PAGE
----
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Home >Opinion >The Competition Commission’s puzzling telecom study

Last month, the Competition Commission of India (CCI) released a market study on the telecom sector. While I concur with many of the findings in the report, I can’t wrap my head around where the Commission is planning to go with this.

Take, for instance the discussion around over-the-top (OTT) players and the historical tensions between them and telecom service providers (TSPs). The study notes that TSPs have always been justifiably wary of OTT business models, given that more often than not, they compete directly with many of their core offerings. Voice over internet protocol services, which allow users to make voice calls using data, directly compete with the mobile telephony services that TSPs offer, just as the entire messaging industry competes with SMS services.

But after acknowledging this long history of discord, the study goes on to point out that TSPs have come to appreciate the impact that the rise of the OTT industry has had on data revenues. This has transformed a once fractious relationship into symbiotic co-dependence that has more recently moved beyond contractual agreements into full-fledged strategic alliances. While this is an accurate reflection of the current state of affairs, I am not sure that a symbiosis of this nature will lead to the pro-competitive environment that the study suggests.

In my view, the current state of communication technology owes more to OTT innovation than it does to TSP investments in infrastructure. Had it not been for OTT pushing the bar, many improvements in our quality of communication would not have seen the light of day—think no further than the extent to which messaging has been enriched by our ability to send rich text, images, GIFs and video clips, to see what I mean. OTT popularity is also a reason for growth in allied services such as online payments, e-commerce, digital entertainment and a whole host of other on-demand services. Now that TSPs and OTT players are symbiotically joined at the hip, as it were, it’s anyone’s guess whether the innovation we have gotten used to will continue at its current furious pace.

We are already seeing the next stage in the symbiotic evolution of this relationship as OTT players have begun to vertically integrate themselves with TSPs. Ordinarily, developments like should have set off alarm bells, but, according to the study, the stakeholders who were surveyed remain sanguine, believing that any such integration could only be a win-win situation. By integrating themselves with innovators at the edge, TSPs will stop being “dumb pipes", responsible for little other than shunting data from one node to the next. OTT players, on the other hand, will benefit from being able to build products that are more tightly integrated with core infrastructure. As much as all this will likely result in improvements in overall efficiency, I can’t help but worry about the extent to which a cessation in hostilities will retard the market’s pace of innovation.

There are other relevant discussions around whether vertical integration could exacerbate the risk of walled gardens emerging that users will have no desire to escape from, given that the OTT players integrated within them provide all the services one would conceivably need. Or whether the high switching costs associated with efforts at walling off subscribers will deter new entrants to the space—which would further chill innovation.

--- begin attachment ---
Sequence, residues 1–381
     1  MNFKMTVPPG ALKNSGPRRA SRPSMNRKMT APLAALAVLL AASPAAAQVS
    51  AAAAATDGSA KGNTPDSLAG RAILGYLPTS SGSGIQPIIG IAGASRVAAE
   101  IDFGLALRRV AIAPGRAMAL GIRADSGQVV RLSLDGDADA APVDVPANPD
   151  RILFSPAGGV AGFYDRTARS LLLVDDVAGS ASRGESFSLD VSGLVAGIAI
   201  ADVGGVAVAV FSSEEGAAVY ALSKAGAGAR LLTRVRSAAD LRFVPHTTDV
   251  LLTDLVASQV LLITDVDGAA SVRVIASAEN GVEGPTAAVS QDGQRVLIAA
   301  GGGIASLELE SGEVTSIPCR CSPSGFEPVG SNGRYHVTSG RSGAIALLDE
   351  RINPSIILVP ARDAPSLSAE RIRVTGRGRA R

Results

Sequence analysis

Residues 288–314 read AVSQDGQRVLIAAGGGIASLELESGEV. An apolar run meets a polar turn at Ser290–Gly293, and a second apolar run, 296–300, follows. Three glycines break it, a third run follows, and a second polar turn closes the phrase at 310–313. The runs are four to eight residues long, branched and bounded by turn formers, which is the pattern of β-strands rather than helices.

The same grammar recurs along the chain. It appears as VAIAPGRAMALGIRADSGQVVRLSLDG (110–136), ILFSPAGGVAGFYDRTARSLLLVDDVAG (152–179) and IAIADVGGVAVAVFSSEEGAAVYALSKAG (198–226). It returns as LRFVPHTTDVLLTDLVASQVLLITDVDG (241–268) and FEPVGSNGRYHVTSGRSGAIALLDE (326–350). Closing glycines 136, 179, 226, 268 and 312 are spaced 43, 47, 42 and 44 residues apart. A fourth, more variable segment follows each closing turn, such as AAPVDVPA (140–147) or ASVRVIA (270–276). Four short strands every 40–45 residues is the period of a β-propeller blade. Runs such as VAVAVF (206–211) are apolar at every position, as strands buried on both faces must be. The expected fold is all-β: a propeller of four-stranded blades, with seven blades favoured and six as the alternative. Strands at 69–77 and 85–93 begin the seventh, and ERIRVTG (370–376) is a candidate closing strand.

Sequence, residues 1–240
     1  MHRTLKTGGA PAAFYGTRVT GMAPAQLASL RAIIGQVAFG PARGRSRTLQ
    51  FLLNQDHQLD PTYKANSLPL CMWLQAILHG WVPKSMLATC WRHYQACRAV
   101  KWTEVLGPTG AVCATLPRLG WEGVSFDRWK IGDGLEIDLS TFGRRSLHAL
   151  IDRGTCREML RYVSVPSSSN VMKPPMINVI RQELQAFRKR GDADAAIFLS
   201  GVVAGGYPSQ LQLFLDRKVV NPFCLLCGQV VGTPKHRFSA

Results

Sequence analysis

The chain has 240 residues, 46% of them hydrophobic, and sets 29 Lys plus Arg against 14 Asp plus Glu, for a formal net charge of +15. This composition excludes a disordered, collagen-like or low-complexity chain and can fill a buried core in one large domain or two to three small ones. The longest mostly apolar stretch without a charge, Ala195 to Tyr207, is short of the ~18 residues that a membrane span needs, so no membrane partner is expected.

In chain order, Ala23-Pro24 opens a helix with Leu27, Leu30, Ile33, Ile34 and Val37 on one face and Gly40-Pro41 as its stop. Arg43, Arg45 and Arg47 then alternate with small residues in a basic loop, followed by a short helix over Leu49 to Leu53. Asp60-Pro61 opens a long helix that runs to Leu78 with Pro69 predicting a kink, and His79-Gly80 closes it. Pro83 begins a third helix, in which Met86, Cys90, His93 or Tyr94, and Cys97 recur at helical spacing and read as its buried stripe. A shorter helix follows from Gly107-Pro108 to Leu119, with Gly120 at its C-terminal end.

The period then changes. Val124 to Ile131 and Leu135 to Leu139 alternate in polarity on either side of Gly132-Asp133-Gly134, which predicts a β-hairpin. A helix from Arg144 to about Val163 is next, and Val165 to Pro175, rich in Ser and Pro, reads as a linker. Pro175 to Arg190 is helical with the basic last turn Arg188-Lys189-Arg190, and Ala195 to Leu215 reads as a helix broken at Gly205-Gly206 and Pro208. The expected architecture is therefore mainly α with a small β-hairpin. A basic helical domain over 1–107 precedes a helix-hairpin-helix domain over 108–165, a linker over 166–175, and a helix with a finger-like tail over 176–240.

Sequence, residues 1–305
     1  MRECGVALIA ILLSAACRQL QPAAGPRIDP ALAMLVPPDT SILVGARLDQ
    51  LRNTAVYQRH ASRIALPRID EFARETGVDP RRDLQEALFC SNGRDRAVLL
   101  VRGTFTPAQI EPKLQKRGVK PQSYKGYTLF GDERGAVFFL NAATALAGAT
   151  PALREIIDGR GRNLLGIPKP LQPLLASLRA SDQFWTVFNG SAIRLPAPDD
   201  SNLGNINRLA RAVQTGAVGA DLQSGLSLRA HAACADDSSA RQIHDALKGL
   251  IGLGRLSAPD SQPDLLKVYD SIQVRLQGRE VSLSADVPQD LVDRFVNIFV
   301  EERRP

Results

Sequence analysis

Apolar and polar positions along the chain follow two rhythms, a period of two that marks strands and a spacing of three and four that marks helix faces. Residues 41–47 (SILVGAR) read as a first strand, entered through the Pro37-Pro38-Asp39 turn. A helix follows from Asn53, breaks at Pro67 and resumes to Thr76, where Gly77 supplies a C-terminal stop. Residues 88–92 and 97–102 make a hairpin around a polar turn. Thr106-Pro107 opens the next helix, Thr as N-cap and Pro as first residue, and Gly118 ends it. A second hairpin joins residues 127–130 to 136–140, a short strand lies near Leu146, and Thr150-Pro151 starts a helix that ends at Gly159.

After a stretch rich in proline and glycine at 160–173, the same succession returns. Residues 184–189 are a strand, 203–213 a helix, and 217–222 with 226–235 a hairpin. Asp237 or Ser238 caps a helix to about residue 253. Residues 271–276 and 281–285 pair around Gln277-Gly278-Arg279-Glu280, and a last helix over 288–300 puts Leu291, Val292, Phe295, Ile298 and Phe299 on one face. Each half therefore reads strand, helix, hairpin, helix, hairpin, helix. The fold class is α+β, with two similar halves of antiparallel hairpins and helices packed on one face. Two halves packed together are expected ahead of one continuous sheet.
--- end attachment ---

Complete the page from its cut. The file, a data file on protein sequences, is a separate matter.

While the CCI study raised all these questions and more, it provided little by way of answers, unfortunately. For instance, beyond pointing out that vertical integration could result in the creation of walled gardens, it doesn’t really offer strategies for mitigation. If its sole purpose was to provide the CCI with fodder for investigation and prosecution, I can’t help but think that this was a wasted exercise. Rather than focusing on punishment, we should be doing all it takes to extract value out of these digital systems.

One possible solution to the problem of walled gardens could be to mandate portability and interoperability. India has already put in place the infrastructure and regulatory framework required to enable this in the financial and healthcare sectors. By requiring OTT players to commit themselves to making their data portable and systems interoperable, we can incentivise better behaviour on their part, instead of focusing on justifications for punishment.

That said, there is a part of the study that I strongly disagree with, one that if acted upon will set an unhealthy regulatory precedent. The study suggests that privacy has a non-price impact on competition and that any behaviour on the part of dominant players that has the effect of impairing the ability of consumers to freely offer their consent should be treated as an abuse of dominance.

To be clear, I have no disagreement with that analysis. The absence of free consent does affect consumer welfare and something needs to be done about it. However, privacy needs a regulator of its own. It has nuances too complex to be addressed part-time by a non-specialist regulator. Even though consent freely given is pro-privacy, it is not nearly enough in itself. These are the sort of nuances I expect a Data Protection Authority to get. The competition regulator simply does not have the frame of reference needed to appreciate it. India is finally on the verge of getting itself a privacy regulator. This is not the time for other regulators to try their hand at regulating it.

Rahul Matthan is a partner at Trilegal and also has a podcast by the name Ex Machina. His Twitter handle is @matthan

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